Cubicles in an office add a sense of privacy and allow workers to communicate without having to leave their offices or go far from their desks. On the other hand, the noise from other cubicles and the general ambience of the office can still be distracting and make it difficult to get work done effectively and efficiently. Even though you can’t completely soundproof a cubicle, you can greatly reduce sound to better your workplace.
Extend your cubicle walls vertically. In some offices this will not be an option, but if it is, extend the walls as high as possible with either additional wall pieces or mass-loaded curtains. Cubicle wall extension pieces connect to the existing wall and extend upwards. Mass-loaded curtains hang down from the ceiling to connect with the top of the cubicle wall to block out sound.
Add soundproof foam or fabric-covered panels to as many sections of the cubicle walls as you can. For best results, cover the walls entirely. These panels absorb sound and instantly reduce the noise surrounding you.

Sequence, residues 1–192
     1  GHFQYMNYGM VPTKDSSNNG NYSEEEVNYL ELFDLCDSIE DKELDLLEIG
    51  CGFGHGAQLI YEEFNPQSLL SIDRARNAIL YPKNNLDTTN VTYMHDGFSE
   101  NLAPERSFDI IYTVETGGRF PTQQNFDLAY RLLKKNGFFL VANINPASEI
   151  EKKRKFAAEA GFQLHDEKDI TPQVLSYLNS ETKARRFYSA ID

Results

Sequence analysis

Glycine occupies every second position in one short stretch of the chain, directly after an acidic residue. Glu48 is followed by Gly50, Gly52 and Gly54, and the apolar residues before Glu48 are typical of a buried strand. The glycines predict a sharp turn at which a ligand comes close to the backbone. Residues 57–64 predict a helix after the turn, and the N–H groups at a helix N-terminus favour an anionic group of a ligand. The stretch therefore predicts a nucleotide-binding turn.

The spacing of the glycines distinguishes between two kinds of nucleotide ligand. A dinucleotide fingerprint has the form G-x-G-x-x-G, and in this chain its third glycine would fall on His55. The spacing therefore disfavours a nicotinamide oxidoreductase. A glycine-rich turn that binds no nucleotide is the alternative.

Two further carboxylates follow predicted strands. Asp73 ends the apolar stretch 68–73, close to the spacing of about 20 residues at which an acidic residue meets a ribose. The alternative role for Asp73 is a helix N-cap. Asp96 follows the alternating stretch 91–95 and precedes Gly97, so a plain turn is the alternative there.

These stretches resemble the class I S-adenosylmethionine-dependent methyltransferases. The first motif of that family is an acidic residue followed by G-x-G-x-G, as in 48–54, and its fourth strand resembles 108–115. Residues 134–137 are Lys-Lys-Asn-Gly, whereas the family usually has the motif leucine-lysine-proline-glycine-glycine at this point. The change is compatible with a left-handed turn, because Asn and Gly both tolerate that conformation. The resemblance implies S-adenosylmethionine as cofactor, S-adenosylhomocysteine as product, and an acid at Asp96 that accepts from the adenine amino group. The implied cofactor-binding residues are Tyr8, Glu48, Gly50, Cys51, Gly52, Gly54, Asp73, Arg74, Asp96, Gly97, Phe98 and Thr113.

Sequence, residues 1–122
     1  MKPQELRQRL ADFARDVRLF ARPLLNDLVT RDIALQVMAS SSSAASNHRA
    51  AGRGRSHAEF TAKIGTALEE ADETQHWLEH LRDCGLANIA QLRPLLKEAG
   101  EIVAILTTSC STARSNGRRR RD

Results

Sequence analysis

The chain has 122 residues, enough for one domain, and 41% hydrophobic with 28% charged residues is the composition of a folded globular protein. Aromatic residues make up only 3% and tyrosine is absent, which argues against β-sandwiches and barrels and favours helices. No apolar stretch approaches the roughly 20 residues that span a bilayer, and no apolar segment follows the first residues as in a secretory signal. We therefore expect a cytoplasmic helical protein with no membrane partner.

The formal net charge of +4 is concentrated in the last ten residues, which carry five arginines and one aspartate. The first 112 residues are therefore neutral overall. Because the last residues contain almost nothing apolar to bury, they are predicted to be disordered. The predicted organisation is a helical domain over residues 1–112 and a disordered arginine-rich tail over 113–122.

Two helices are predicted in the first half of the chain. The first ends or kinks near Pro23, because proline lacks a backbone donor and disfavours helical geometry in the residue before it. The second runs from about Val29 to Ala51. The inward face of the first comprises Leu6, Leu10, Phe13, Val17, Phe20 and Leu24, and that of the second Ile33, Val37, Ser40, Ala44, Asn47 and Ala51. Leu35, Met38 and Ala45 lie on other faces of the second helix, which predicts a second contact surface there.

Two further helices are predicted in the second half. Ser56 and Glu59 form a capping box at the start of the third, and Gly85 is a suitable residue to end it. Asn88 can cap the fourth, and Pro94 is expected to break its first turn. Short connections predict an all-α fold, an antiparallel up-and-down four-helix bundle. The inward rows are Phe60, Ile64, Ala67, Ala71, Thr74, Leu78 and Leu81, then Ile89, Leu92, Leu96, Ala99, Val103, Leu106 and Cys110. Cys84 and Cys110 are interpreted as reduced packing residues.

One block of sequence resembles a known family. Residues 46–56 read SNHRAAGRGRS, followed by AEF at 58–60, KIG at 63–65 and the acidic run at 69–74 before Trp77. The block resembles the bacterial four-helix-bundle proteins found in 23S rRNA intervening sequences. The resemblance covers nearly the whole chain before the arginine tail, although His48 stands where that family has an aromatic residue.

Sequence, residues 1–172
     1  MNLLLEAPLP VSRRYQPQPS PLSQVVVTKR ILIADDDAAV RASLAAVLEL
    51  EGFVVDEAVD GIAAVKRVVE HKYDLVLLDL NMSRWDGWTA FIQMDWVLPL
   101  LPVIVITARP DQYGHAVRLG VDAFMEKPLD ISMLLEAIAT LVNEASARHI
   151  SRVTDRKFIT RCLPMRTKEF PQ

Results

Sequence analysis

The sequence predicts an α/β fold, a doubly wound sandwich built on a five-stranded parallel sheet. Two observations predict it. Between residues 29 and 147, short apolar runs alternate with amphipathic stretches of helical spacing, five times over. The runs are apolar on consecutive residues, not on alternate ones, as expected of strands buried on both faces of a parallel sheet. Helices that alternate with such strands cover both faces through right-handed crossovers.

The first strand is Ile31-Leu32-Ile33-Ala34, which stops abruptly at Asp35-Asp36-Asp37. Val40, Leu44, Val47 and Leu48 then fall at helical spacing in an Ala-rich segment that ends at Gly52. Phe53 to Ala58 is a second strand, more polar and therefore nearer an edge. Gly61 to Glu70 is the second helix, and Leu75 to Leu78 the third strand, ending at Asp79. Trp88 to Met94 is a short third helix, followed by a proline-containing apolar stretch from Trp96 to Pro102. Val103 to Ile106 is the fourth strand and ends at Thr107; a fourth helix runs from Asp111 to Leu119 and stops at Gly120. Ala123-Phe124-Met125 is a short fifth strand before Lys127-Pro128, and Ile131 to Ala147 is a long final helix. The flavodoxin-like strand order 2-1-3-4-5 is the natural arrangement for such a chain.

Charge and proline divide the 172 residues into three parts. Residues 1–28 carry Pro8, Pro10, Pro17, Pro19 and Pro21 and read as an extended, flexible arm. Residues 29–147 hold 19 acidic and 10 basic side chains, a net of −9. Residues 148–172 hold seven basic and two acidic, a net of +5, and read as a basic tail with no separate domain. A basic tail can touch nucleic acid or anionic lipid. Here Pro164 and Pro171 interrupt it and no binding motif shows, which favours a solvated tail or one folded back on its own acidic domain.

Fill in any seams, cracks and corners, including along the floor, with pyramids or wedges of open-cell foam. Small pieces fit easily into the tiniest places to absorb sound coming in from places you may not realize.
Add mass-loaded vinyl (MLV) to the entire floor of your office as a floor mat to cancel out and absorb sound. Also, use MLV on the walls in addition to the foam panels.
Cover windows in your cubicle with a clear plastic sheet. The sheet should stick directly to the glass adding a layer to your window. This will help reduce exterior sound while still allowing sunlight to enter.
Experiment with where you put the foam throughout the office. You might be surprised with where some of the noise is coming from.
By soundproofing your cubicle, you will decrease office sound as a whole. Coworkers will hear you less, which will reduce noise because they will no longer feel the need to talk over you to get their work done.
Talk to your office manager for permission to alter your cubicle and office space.